Open Letter to Rep. Mike Coffman

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House Representative Mike Coffman (R-CO) is my elected official in the House of Representatives. I recently asked you to write your congress representatives to support raising our debt ceiling for a variety of reasons. Here is my letter. Feel free to use part of it or all of it when emailing your Representative regarding this issue.

Mr. Coffman,

I am writing today regarding the current Washington debate over our national debt ceiling.

Like all off my friends and family, I am incredibly concerned by the childish behavior I have seen demonstrated by the Republican party regarding the debt ceiling. It appears that the party has become so obsessed with defeating Barack Obama that they have forgotten you were elected.

You were elected to make life better for American citizens.

Even Regan said that it would be irresponsible for congress to vote against raising the debt ceiling. I do not understand why the Republican party has become so hard line about protecting the top 2% from tax increases while the livelihoods of those 2% and the 98% of the rest of us hang in the balance.

I agree that the budget needs to be balanced, but it needs to be done so responsibly. A knee jerk reaction like defaulting on US debt obligations would cost at least $500 billion (just from lowering of US credit rating).

I know that you acted responsibly and helped the state of Colorado work through difficult situations as state treasurer. I believe that you, and at least 40-50 Republican House Representatives, are intelligent enough and understand the economy enough to protect us from irreparable harm.

Please vote to raise the debt ceiling today and put my fears, and the world’s fears, to rest.

Thank you,

Eric Rosenberg

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4 thoughts on “Open Letter to Rep. Mike Coffman”

  1. Bret @ Hope to Prosper

    This is a great letter, but it wasn’t only the Republicans who were acting irresponsibly.  The Democrats were also playing chicken with our future, in an attempt to sweep everything under the rug until after the 2012 election.  By that time, we would be another couple Trillion in debt.

    One very positive surprise to me was how President Obama handled the situation.  I didn’t expect him to be so responsible for the compromise, which is what our elected officials are supposed to do in an impasse.

    1. What bothered me this time was that the Democrats came up with a reasonably good plan and the Republicans would not budge. The “compromise” was really the Democrats giving in to save the economy. I think the Tea Party would have rather had an economic meltdown than compromise with Obama.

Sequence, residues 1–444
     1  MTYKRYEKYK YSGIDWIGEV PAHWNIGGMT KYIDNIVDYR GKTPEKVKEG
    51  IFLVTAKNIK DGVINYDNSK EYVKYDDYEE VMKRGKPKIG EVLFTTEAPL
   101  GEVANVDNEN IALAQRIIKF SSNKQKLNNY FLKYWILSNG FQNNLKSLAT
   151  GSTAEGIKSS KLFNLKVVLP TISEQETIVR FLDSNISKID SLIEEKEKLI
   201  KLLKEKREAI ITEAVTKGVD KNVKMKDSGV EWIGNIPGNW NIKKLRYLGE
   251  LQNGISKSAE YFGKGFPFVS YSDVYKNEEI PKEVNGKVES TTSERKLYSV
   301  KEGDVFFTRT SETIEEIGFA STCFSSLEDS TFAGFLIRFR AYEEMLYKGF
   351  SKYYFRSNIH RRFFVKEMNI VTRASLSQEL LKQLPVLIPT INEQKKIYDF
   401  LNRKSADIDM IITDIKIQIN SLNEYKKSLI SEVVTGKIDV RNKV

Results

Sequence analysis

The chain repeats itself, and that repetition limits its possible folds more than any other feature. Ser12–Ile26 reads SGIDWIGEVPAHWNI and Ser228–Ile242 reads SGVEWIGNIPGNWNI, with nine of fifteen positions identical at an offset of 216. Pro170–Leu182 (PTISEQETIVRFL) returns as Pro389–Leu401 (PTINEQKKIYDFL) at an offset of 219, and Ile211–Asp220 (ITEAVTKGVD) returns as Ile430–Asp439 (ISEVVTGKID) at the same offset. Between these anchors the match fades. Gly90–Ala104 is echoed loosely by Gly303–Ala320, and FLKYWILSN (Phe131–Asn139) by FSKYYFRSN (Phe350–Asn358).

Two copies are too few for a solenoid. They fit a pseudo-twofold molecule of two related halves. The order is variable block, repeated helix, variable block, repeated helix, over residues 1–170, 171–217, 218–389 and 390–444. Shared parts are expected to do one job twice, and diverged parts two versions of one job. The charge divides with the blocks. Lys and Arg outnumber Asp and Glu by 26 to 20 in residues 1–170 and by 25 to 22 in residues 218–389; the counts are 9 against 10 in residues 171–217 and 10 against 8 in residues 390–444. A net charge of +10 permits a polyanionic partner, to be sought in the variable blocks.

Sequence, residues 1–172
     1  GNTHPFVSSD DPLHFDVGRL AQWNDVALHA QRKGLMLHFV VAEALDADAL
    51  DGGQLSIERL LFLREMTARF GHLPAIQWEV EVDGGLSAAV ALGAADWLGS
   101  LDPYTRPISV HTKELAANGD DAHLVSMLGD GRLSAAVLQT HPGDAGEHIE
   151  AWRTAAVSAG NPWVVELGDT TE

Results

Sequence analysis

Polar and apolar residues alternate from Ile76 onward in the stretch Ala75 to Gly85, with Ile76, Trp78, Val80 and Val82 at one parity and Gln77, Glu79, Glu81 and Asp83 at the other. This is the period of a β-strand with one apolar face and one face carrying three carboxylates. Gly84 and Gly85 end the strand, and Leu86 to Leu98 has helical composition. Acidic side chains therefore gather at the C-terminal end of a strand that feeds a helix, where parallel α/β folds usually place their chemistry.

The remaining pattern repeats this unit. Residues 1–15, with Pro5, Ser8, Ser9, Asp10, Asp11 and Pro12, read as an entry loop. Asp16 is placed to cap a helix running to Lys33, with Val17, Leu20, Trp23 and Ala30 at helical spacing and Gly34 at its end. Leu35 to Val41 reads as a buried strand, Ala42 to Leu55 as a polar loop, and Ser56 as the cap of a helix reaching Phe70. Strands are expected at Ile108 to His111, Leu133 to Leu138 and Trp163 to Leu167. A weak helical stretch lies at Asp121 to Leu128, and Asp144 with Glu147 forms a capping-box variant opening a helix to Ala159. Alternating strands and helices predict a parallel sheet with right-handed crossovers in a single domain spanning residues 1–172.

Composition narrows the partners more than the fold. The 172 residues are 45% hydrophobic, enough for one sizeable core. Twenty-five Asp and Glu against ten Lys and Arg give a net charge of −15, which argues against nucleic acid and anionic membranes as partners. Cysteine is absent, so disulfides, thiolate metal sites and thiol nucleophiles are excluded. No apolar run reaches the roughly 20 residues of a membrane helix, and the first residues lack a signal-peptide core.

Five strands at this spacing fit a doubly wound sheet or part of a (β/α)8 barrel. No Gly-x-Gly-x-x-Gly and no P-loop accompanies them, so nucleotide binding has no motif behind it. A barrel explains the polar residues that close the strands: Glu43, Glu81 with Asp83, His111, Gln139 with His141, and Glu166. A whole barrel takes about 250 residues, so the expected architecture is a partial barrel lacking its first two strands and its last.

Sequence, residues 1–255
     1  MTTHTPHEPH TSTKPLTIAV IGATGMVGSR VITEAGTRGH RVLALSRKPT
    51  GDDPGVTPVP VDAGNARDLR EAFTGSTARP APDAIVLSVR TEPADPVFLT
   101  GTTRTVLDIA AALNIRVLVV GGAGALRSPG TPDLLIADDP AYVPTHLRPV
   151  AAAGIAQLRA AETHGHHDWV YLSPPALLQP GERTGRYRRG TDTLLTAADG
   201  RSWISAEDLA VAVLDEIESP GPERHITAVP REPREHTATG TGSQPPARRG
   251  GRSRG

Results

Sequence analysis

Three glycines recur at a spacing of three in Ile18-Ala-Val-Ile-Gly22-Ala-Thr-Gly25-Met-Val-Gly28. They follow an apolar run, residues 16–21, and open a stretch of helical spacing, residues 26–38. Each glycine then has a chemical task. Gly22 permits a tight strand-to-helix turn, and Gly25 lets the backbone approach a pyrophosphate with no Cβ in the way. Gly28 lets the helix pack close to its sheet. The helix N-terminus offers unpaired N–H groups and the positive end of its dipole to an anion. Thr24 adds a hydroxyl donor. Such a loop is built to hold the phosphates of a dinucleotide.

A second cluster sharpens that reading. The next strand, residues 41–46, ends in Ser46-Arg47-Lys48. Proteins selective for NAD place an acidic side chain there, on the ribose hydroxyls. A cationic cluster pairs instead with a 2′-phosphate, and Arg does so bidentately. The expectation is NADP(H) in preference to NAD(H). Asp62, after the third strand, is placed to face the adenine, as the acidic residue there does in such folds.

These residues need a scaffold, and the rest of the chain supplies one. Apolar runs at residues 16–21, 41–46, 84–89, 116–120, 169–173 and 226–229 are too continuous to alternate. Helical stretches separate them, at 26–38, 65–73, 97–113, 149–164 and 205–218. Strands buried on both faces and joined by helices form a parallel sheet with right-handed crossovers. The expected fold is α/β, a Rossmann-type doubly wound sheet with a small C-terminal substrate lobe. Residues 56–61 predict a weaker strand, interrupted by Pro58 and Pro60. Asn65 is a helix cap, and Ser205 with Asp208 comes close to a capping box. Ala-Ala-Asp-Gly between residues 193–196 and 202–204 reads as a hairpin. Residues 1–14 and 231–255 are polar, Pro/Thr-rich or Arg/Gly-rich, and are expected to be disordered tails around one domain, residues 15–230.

1. Bret @ Hope to Prosper


        I disagree that the Democrats gave up everything to save the country.  Although, they did budge more than the Republicans, who gave up the balanced budget ammendment.  I think Joe lieberman said it best that both sides clinged to their ideology instead of doing what was right for America.  The Republicans refused to raise taxes while the Democrats refused to cut entitlements.  No matter what party you belong to (I’m Indepenent) both of those things will have to be done in order to balance the budget.  All of the finger pointing and partisan bickering won’t change it.

        1. I really liked the first Democratic proposal for (if memory serves) $3T in cuts and $1T in revenue increases.

          The Tea Party types (not all Republicans were as hard-line  though some were) would not even talk about anything that involved revenue increases. They have proven that they care more about cutting than actual services provided by their irresponsible vacation in the House of Representatives while the FAA is not able to collect any fees. This is costing our country $200 million a week. They do not care about deficits, they care about gutting the government.

          Yes, I do have very clear partisan leanings and biases, but I have been known to vote for Republicans on occasion and do not support all Democratic policies. In the end, with this case, it came down to an extremist views on taxation. I, for one, do not want extremists (on either side) dictating our government policies.

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